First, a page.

A Hole Is to Dig
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Children will take this book of words and pictures to their hearts. What would you say about eye-brows? Miss Krauss and the many children who made suggestions, re-visions, additions (and subtractions) to this book say, "Eyebrows are to go over eyes."
Children will take this book of words and pictures to their hearts.
What would you say about eye-brows? Miss Krauss and the many children who made suggestions, re-visions, additions (and subtractions) to this book say, “Eyebrows are to go over eyes.” A face? “A face is something to have on the front of your head.”
Also, “a face is so you can make faces.” Hands? Well, hands are to hold. And also “a hand is to hold up when you want your turn.” “A party is to say how-do-you-do and shake hands” and also “a party is to make little children happy.”
Of course, a brother is to help you, a package is to look inside, arms are to hug with, and a book is to look at.
About the Author & Illustrator:
Ruth Krauss (1901-1993) is the author of over thirty books for children, including the classics The Carrot Seed and A Hole Is to Dig, illustrated by Maurice Sendak. “Ruth Krauss’s intuitive ability as a writer to capture the free-spirited thought processes and laughter of young children ensures her books’ widespread acceptance and timeless appeal.” So concludes her entry in children’s Books and Their Creators (1995).
Maurice Sendak has written and illustrated have nurtured children and adults alike and have challenged established ideas about what children’s literature is and should be. The New York Times has recognized that Sendak’s work “has brought a new dimension to the American children’s book and has helped to change how people visualize childhood.” Parenting recently described Sendak as “indisputably, the most revolutionary force in children’s books.”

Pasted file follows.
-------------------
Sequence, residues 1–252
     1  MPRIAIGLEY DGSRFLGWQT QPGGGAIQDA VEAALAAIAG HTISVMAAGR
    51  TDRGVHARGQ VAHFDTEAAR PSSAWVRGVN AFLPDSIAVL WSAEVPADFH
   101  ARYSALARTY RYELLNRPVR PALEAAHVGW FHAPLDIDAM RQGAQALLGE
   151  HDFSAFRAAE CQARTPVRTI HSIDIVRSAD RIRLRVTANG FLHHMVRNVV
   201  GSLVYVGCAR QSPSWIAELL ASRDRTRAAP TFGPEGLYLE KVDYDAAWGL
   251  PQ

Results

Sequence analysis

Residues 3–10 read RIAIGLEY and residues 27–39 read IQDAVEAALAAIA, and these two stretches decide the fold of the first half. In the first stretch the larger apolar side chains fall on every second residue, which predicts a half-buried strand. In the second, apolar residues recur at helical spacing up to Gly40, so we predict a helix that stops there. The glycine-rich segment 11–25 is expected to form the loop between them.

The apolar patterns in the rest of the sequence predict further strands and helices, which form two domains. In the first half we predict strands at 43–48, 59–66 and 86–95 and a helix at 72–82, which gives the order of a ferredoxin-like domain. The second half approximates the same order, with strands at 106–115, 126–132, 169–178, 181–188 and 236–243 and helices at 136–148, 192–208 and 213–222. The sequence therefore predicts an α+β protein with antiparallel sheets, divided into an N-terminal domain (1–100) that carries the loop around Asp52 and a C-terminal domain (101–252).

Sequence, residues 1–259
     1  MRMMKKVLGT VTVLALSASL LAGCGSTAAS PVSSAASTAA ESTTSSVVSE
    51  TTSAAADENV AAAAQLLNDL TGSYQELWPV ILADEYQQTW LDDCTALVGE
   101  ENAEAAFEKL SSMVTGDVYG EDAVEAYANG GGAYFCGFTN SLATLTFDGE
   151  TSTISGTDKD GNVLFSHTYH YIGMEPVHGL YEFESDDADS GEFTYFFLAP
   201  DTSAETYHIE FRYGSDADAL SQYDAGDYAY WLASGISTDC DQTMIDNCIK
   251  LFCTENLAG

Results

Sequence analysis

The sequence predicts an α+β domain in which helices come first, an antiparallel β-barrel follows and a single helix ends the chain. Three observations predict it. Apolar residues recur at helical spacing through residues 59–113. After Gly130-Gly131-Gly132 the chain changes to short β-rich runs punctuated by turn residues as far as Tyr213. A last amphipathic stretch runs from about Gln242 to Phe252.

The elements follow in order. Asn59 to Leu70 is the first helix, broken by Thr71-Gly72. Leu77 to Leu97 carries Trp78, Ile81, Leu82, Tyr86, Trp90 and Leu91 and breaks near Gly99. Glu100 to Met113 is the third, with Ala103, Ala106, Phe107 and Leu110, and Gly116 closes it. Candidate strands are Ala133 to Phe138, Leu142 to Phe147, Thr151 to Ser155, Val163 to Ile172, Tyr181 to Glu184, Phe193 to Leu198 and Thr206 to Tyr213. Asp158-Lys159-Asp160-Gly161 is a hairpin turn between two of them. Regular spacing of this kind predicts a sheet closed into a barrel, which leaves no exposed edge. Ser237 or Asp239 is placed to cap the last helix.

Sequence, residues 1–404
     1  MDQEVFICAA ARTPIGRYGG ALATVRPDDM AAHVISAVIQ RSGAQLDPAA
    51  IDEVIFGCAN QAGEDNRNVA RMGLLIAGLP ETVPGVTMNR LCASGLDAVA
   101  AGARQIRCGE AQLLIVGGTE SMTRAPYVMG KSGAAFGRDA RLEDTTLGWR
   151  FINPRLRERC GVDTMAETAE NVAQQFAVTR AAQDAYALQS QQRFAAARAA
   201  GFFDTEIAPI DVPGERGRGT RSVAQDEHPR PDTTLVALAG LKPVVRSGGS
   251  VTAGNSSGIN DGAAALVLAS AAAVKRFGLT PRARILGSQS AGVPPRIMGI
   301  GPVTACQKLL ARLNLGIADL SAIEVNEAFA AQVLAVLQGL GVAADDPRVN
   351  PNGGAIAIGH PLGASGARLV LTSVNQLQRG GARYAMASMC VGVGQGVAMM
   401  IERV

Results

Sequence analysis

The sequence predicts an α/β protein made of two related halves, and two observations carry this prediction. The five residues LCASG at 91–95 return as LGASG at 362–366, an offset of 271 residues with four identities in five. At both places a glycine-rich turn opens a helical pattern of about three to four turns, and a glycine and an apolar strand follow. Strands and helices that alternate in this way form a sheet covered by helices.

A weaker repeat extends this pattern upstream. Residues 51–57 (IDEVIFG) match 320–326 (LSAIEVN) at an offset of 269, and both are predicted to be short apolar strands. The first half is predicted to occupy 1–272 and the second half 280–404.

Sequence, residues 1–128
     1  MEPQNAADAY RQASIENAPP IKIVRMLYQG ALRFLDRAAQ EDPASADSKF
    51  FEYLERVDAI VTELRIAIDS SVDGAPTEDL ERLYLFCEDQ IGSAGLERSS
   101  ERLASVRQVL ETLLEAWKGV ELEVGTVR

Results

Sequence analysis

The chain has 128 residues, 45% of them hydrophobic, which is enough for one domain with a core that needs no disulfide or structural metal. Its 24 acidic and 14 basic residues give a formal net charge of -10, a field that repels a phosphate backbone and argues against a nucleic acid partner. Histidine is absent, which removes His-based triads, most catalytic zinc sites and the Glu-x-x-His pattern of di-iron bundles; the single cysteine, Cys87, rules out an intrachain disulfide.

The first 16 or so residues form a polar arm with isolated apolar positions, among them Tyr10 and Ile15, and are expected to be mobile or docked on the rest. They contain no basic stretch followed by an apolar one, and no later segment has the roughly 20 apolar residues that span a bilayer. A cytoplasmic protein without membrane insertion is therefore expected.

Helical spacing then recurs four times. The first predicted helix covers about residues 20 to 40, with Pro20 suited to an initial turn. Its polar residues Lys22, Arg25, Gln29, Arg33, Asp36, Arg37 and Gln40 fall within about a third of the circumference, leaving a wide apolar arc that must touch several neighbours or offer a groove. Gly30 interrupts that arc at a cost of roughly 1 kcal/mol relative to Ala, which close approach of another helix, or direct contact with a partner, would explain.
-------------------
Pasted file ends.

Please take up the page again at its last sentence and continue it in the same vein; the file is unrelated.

Winner of the 1964 Caldecott Medal for Where the Wild Things Are, in 1970 Sendak became the first American illustrator to receive the international Hans Christian Andersen Award, given in recognition of his entire body of work. In 1983, he received the Laura Ingalls Wilder Award from the American Library Association, also given for his entire body of work. Maurice Sendak was born in Brooklyn in 1928. He now lives in Connecticut. Learn more about him here.
A Few Reviews:
“A unique book . . . with drawings bouncing with action and good humor.” — –NYT
“I was looking for something to send to my 4-year-old grandson and discovered this wonderful book that his father, now 44, loved when he was little. It is a complete delight, both for kids and the adults that have to read it (and read it, and read it…) to them. I still happily remember some of the definitions, these many years later. The text was written by children and the Maurice Sendak illustrations are priceless. This is one for the ages — a real classic.”
“I bought this book after a glowing recommendation in Honey For a Child’s Heart. To say it did not disappoint is the understatement of the century. This book is so cute, as soon as I got it, I checked to see if there were any more used copies available for the price I got mine. Alas, none were available, so now I have to just be thankful for the one that I got at an awesome price rather than buying one for every child I know. Buy it. Buy it. Buy it.”
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